Networking and Storage Performance

We have recently started devoting a separate section to analyze the storage and networking credentials of the units under review. On the storage side, one option would be repetition of our strenuous SSD review tests on the drive(s) in the PC. Fortunately, to avoid that overkill, PCMark 8 has a storage bench where certain common workloads such as loading games and document processing are replayed on the target drive. Results are presented in two forms, one being a benchmark number and the other, a bandwidth figure. We ran the PCMark 8 storage bench on selected PCs and the results are presented below.

Futuremark PCMark 8 Storage Bench - Score

Futuremark PCMark 8 Storage Bench - Bandwidth

The eMMC used in the LIVA X is better than the one we saw getting used in the original LIVA. Even though the storage bandwidth numbers are quite a bit lesser than what even hard drives can provide, they are no match for the proper SSDs in the other passive models. Thankfully, the device does have a mSATA slot and consumers can opt to add their own drives if they so desire.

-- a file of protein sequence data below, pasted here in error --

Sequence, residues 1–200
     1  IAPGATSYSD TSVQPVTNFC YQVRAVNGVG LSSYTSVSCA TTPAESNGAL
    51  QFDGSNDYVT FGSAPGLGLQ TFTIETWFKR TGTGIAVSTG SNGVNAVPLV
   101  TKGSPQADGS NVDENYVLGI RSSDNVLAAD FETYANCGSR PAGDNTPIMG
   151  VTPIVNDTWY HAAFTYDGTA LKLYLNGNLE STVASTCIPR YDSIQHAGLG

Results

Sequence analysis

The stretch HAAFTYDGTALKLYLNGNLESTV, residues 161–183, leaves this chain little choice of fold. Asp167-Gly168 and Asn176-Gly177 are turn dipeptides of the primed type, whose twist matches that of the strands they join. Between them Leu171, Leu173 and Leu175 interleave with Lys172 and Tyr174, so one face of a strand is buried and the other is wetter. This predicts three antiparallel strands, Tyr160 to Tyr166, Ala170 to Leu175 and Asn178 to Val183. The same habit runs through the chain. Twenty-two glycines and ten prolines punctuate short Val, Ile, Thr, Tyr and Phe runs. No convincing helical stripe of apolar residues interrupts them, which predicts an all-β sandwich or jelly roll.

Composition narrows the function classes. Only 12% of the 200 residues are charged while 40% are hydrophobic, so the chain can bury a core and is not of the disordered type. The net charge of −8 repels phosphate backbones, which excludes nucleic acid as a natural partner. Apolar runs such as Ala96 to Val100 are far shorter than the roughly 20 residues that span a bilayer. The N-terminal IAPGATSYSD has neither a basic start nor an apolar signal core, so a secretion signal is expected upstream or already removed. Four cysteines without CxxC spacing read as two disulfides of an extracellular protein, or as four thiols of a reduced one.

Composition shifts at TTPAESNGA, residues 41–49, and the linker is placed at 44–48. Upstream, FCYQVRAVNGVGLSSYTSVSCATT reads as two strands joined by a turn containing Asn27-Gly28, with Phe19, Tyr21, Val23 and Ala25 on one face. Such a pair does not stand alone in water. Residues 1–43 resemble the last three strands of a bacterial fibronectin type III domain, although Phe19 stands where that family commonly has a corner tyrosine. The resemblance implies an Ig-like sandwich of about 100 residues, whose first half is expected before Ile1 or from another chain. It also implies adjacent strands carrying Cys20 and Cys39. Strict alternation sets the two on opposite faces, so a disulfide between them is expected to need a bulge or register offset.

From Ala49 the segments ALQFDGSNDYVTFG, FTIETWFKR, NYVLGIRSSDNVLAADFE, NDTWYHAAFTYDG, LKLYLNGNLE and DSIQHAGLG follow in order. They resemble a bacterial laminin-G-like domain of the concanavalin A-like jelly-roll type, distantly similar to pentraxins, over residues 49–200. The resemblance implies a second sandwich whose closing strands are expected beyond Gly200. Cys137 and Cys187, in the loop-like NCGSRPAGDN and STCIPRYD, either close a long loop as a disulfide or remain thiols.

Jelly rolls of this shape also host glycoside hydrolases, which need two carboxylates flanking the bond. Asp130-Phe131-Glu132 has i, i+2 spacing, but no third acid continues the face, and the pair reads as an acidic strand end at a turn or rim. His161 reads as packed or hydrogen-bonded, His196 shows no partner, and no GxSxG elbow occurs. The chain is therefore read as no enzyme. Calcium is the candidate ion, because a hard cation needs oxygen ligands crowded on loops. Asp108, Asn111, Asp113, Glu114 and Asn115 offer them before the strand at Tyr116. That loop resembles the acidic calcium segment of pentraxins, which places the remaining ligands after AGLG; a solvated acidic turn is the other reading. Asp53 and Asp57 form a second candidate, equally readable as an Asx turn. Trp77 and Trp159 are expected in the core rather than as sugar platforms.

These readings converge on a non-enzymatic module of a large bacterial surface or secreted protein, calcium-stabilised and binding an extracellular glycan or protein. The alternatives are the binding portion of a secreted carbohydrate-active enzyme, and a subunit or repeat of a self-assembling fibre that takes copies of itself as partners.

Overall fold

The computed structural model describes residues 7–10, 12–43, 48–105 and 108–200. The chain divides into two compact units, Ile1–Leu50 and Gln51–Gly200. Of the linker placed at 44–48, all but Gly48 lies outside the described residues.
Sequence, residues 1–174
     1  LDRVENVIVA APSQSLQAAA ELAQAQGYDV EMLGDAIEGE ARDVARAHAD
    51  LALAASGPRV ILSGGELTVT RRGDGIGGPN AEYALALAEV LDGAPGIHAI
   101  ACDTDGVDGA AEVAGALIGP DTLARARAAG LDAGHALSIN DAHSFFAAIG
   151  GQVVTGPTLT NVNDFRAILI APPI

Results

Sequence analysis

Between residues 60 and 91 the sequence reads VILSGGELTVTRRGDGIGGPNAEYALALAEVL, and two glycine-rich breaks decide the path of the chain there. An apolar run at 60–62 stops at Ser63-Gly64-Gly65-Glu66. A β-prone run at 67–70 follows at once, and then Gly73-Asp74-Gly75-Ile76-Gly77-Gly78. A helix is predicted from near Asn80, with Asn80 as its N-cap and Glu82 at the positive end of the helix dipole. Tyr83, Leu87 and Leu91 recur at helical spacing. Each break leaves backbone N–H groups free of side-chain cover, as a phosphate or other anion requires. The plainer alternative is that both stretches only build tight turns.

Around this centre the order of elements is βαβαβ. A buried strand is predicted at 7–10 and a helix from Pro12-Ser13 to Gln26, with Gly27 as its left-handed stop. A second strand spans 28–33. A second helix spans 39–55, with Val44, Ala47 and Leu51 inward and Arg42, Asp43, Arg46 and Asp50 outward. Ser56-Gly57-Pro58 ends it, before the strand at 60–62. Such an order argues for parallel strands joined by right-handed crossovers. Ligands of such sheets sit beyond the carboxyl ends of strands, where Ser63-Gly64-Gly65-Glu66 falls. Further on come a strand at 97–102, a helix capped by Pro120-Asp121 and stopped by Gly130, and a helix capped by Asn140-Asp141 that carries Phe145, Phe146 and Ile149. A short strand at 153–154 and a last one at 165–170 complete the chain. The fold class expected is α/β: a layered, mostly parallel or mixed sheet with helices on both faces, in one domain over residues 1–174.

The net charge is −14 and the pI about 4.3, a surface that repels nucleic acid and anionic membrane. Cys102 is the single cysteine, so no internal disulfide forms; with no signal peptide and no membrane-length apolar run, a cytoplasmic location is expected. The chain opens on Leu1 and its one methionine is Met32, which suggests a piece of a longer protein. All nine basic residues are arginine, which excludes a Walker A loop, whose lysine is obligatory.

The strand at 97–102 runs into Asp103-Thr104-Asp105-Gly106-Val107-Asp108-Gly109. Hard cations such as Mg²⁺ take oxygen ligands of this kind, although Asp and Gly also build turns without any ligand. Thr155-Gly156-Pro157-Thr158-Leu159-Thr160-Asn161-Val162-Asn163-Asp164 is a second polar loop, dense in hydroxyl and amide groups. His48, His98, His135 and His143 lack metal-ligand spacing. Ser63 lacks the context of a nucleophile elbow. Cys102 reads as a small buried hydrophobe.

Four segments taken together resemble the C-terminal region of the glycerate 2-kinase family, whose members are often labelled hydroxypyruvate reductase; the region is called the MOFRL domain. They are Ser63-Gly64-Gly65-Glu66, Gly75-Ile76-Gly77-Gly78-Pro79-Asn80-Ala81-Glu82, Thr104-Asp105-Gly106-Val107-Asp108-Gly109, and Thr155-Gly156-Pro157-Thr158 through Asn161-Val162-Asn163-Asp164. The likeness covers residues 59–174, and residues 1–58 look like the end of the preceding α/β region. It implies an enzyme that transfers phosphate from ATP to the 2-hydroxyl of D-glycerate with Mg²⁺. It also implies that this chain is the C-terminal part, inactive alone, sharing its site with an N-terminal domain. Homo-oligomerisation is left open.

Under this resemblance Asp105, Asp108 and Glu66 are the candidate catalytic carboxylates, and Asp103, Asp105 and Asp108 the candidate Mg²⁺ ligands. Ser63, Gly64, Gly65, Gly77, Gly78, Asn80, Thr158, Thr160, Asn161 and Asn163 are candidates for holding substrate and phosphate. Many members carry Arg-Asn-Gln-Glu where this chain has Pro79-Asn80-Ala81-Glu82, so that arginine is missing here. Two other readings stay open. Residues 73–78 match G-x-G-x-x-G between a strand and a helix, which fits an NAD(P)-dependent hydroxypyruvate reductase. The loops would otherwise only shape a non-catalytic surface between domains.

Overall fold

On the networking side, we restricted ourselves to the evaluation of the WLAN component. Our standard test router is the Netgear R7000 Nighthawk configured with both 2.4 GHz and 5 GHz networks. The router is placed approximately 20 ft. away, separated by a drywall (as in a typical US building). A wired client (Zotac ID89-Plus) is connected to the R7000 and serves as one endpoint for iPerf evaluation. The PC under test is made to connect to either the 5 GHz (preferred) or 2.4 GHz SSID and iPerf tests are conducted for both TCP and UDP transfers. It is ensured that the PC under test is the only wireless client for the Netgear R7000. We evaluate total throughput for up to 32 simultaneous TCP connections using iPerf and present the highest number in the graph below.